signal

An adaptor to convert EventEmitter events into an error-first callback invocations.

Fast in-process message conduit.

Thoughts, really. Names are qualified by

var signal = require('signal')
 
 
signal.subscribe('.bigeasy.paxos.log'.split('.'), function (levelmessage) {
    console.log({ level: level, message: message })
})
 
signal.subscribe('.bigeasy.paxos.log.error'.split('.'), function (levelmessage) {
    console.log({ level: level, message: message })
})
 
signal.subscribe('.*.*.log'.split('.'), function (levelmessage) {
    console.log({ level: level, message: message })
})

When you send a message you actually get an array of listeners and send the message directly. This means you can call the listeners directly. There is no wrapping, sliceing and applying of your arguments. They go directly to the listener. This makes them all targets for compilation by the JIT compiler.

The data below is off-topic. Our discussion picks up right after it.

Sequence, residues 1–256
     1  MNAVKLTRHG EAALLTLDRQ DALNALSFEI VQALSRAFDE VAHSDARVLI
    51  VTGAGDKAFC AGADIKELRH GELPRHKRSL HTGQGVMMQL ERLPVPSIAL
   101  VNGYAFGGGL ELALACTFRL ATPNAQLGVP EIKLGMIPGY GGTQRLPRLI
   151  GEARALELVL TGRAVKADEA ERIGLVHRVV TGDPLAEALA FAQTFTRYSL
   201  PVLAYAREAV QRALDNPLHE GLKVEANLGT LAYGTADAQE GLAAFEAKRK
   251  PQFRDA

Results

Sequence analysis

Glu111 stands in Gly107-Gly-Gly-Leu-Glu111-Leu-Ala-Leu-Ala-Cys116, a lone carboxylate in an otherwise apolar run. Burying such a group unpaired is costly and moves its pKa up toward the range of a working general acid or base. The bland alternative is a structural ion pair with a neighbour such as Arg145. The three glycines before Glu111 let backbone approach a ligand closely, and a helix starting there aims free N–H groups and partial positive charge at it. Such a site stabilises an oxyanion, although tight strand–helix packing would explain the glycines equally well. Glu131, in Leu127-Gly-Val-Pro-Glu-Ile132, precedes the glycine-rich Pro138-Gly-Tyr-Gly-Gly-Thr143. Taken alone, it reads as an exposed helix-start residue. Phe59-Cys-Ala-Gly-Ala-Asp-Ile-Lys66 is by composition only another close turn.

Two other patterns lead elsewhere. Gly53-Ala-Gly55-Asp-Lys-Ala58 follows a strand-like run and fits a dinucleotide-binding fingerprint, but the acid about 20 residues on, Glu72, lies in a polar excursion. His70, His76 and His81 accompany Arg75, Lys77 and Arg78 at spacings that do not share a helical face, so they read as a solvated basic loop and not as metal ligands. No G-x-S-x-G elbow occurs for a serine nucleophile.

var signal = require('signal')
 
funtion logInfo (message) {
    var subscribers = signal.subscribers('.bigeasy.paxos.log'.split('.'))
 
    for (var i = 0, I = subscribers.length; i < I, i++) {
        subscribers[i]('info', { key: 'value' })
    }
}

Signal is meant to be the least commitment for late binding. It is easy on the subscriber, hard on the publisher. If you're not a fanatic about performance, then you can use emit.

var signal = require('signal')
 
funtion logInfo (message) {
    signal.subscribers('.bigeasy.paxos.log').emit('info', message)
}

But if you do care, for a high-volume message the performance is going to be much better running through the loop yourself.

There are no error handling conventions as of yet. The naming convention is based on your GitHub name and the project name.

Signal has a single object to simplify service discovery. This means that all your modules must use the same version of Signal.

Subscribe to a message with the given listener. The listener can be anything, including an object or perhaps a connect string for a message queue. The type of listener is publisher dependent.